One in five Edi undergrad students didn’t have a flat by the the start of the year
Many Edinburgh students have struggled to find flats to rent for the academic year
In the time of a cost-of-living crisis and housing shortage, many Edinburgh students have struggled to find flats to rent for the academic year. Students are competing with married couples and families for housing, and losing. New data corroborates this claim.
According to a survey conducted by Slurp Edinburgh, one in five undergraduate students had not confirmed a tenancy agreement by the 19th of September (the beginning of semester one). Additionally, 7.7 per cent of undergrads still had not signed an agreement by week five.
Students not having reliable accommodation deprives them of structure and a base near campus to study and feel distant from the university experience. It isolates them from committing to societies and sports, as public transport timetables limit their availability.
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According to the cost-of-living advice page on the official Edinburgh University website, the university aims to provide guidance to any students looking for accommodation. It states that all students who adhered to the university’s accommodation guarantee were provided with rent-controlled housing. The guarantee applies to all first-year students whose home address is not in Edinburgh.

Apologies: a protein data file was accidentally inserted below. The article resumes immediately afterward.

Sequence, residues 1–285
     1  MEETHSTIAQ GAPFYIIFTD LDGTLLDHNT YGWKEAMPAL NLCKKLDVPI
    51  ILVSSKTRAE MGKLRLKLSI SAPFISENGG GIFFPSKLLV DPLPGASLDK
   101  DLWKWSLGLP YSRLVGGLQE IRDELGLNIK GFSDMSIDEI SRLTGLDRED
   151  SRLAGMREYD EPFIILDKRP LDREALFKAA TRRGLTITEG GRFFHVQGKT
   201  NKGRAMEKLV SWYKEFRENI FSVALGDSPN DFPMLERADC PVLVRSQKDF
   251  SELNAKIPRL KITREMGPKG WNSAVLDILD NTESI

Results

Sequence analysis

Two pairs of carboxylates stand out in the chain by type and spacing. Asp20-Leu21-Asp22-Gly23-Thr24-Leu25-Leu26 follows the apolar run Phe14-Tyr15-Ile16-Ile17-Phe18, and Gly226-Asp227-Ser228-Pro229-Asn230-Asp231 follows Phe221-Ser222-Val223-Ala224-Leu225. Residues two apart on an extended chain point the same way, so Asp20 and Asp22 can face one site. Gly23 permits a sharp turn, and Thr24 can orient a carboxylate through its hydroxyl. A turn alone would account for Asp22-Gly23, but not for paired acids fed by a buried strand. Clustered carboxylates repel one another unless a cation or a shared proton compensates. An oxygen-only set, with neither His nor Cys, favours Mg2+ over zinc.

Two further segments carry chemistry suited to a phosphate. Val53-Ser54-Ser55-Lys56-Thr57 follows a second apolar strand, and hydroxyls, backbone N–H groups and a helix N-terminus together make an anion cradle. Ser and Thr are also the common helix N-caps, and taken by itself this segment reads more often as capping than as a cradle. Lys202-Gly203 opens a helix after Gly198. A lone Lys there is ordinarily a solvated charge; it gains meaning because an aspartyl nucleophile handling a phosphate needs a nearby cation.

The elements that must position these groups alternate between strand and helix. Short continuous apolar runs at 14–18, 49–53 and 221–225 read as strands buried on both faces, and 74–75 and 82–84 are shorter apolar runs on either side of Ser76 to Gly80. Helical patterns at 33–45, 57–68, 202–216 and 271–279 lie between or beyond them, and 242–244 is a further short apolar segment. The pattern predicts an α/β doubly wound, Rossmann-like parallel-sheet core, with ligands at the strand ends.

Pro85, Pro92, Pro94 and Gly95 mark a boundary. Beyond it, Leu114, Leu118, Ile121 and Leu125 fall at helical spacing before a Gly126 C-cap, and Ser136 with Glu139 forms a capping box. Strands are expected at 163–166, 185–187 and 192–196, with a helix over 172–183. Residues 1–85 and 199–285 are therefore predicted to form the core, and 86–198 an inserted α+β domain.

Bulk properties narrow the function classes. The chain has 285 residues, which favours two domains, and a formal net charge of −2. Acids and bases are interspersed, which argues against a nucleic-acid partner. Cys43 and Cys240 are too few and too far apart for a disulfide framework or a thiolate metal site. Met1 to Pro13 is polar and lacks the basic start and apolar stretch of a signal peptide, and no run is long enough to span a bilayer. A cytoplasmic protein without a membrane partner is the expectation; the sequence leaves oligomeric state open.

The university is compensating for the increase in utility and energy bills in student halls by keeping student energy bill costs the same and paying the difference in the increase themselves. The university has also helped 2,600 additional students by providing them with housing.
As previously reported by The Tab, some students who contacted the university for support due to trouble securing flats were temporarily housed in communal dorms in converted Pollock common rooms. Up to six people were residing in these dormitories.
Of the one in four students who contacted the university for help and support in finding accommodation, 60 per cent were dissatisfied with the help provided.
Some students who approached the Tab Edinburgh echoed these ideas. Joy (second year) describes her experience commuting daily for classes, saying: “travelling to and from uni daily, especially with the rail strikes, has been tiring and has stopped me from living the way students typically do.”
Kayleigh (second year) talked about the difficulties surrounding finding a flat in Edinburgh currently: “It’s difficult, bordering on impossible. It’s very competitive. They [landlords] prefer professional people to students. The agencies can’t help. We apply and don’t hear back.”
As for looking to the future of the housing crisis, 80 per cent of undergraduates expressed worry and uncertainty about where they will end up living for the next academic year.
In order to combat this stress, the survey informs us that 50 per cent of students had already begun planning for next year (2023/2024) by November 2022. This is abnormal as in the past the general consensus amongst students was to begin looking for flats significantly later in the term.